Rabbi Kaplan himself was
as uncomfortable with
Reform Judaism's tendency
to abandon tradition as he
was with Orthodoxy's in-
sistence on blind obedience
to it. His goal, and the goal
of the Reconstructionist
movement, was to balance
tradition and innovation
and to actively involve the
Jewish community in
creating new meanings for
old rituals — "putting new
wine in old bottles?'



atfi"--=

Rabbi Mordecai Kaplan:
A kind of "dual citizenship."

Because of his half-
century association with the
JTS, and because of the
Movement's 30-year history
of anti-denominationalism,
for many years Reconstruc-
tionism was viewed as simp-
ly a liberal tendency within
the Conservative move-
ment. Today clear dif-
ferences exist between the
official positions of the two
movements.
The main difference bet-
ween Reconstructionist and
Conservative Jews is in
their approach to Halachah
(Jewish law). Conservative
Judaism considers Hala-
chah a binding code of law
and makes changes only if
there is a solid halachic
justification. Reconstruc-
tionists do not consider
Halachah binding. As Rab-
bi Kaplan put it, "the past
has a vote, not a veto?'
"Unlike Conservativism,
we are a post-halachic move-

ment, and consequently we
place the locus of authority
not in a small group of rab-
bis in the seminary but
within each community;'
Rabbi Liebling says.
"Reconstructionists
understand that every
generation of Jews needs to
take responsibility for their
Judaism," he says. "We need
to study the past, and know
our traditions, and make the
necessary adaptations for
the present. Halachah is an
important part of those deci-
sions, but it is not the sole
criterion. Contemporary
ethics, the teachings of
democracy, and science all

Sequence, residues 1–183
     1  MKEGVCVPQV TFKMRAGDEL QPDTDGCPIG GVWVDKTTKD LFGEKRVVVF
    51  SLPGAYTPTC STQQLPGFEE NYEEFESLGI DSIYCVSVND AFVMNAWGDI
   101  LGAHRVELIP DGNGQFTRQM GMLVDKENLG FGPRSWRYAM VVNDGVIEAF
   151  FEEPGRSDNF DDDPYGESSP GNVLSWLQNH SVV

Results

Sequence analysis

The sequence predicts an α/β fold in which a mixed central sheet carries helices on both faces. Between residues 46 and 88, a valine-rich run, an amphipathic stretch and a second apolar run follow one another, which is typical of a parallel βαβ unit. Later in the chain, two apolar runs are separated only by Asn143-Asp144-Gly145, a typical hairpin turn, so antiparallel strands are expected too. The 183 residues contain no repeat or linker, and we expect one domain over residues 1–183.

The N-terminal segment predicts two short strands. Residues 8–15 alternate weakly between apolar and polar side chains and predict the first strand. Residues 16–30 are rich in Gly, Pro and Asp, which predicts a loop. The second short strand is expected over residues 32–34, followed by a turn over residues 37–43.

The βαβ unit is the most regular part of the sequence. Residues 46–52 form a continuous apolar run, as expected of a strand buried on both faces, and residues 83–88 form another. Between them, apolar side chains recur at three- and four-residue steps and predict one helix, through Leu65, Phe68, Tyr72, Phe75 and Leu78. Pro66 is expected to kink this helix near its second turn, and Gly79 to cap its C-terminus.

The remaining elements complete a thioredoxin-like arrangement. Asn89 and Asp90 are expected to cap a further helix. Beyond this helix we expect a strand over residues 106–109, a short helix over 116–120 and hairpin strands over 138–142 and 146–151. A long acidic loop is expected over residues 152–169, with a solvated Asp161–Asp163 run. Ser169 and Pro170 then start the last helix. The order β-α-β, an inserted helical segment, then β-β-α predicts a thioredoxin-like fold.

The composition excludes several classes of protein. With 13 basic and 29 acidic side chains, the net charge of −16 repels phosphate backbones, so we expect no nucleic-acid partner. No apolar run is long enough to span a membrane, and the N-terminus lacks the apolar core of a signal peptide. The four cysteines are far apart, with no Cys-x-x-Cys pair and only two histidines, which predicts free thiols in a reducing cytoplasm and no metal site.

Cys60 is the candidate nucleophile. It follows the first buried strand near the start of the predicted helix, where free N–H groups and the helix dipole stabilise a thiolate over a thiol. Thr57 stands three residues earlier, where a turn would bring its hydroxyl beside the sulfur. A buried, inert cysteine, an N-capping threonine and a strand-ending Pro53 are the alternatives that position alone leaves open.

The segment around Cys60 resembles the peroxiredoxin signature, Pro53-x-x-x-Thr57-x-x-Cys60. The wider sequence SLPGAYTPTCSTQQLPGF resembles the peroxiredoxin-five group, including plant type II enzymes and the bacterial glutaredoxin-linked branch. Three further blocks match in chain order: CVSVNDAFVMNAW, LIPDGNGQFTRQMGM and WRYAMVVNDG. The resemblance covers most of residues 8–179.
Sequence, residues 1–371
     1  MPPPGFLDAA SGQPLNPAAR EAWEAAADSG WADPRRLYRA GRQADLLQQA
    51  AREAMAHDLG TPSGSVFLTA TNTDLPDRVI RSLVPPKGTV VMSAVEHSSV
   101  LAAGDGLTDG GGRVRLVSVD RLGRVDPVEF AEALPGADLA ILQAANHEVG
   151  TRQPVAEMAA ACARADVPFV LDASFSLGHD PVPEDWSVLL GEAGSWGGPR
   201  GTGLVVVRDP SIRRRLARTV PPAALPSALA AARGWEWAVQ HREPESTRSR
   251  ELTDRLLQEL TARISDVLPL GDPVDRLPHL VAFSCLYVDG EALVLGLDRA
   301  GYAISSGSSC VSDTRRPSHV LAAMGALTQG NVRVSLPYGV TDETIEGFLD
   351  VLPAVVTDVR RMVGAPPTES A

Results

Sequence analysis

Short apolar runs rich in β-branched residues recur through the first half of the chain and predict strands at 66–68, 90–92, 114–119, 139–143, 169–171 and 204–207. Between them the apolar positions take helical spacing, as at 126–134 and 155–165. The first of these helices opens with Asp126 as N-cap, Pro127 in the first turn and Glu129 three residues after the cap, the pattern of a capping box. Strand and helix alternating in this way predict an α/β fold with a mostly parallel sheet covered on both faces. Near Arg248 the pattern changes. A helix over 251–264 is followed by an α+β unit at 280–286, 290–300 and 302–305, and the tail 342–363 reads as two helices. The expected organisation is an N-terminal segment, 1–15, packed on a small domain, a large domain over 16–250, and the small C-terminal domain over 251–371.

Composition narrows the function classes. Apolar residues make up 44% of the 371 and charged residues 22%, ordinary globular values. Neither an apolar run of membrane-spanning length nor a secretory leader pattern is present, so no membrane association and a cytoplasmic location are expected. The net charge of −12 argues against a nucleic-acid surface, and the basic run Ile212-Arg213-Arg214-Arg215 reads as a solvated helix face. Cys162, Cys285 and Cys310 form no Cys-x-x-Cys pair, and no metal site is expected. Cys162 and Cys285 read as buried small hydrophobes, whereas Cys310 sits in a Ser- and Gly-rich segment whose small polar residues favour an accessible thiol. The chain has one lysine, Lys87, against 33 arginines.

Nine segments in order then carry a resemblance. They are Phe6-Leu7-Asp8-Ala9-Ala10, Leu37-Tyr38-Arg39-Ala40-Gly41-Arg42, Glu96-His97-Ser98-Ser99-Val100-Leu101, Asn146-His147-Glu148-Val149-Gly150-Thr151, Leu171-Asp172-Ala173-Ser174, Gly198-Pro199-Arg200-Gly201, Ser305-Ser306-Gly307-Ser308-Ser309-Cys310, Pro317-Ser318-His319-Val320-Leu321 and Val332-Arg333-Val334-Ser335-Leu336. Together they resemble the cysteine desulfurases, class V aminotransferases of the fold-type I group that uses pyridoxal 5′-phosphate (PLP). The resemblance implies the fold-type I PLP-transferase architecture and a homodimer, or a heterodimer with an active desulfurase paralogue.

inform our decisions."
Consider, for example, the
way the Conservative,
Reform and Reconstruc-
tionist movements deal with
divorces. The Conservative
movement still uses the
traditional male-initiated
get (legal annulment).
Reform Judaism, for the
most part, has abandoned
the use of gittim and simply
accepts a civil ceremony as
sufficient.
Reconstructionism has in-
stituted the use of an
egalitarian get that can be
initiated by either men or
women. In addition, the
movement is in the process
gittim
of developing
ceremonies, so that the
divorce itself becomes a
more personally meaningful
experience.
"We have ceremonies for
birth, bar and bat mitzvah,
weddings, and death.
Divorce should be added to
that list;' Rabbi Liebling
says. "Ritual has very im-
portant teachings, and we
need to take those teach-
ings, evolve them, recon-
struct them and tailor them
to our contemporary needs
and sensibilities?'
Most Reconstructionist
synagogue practices are not
that different from Conser-
vative or Reform congrega-
tions, but the differences
that do exist are significant.
Reconstructionists are more
likely to sit in a circle, and
Reconstructionist rabbis are
less likely to stand in a
pulpit. Instead of delivering
a sermon, most Reconstruc-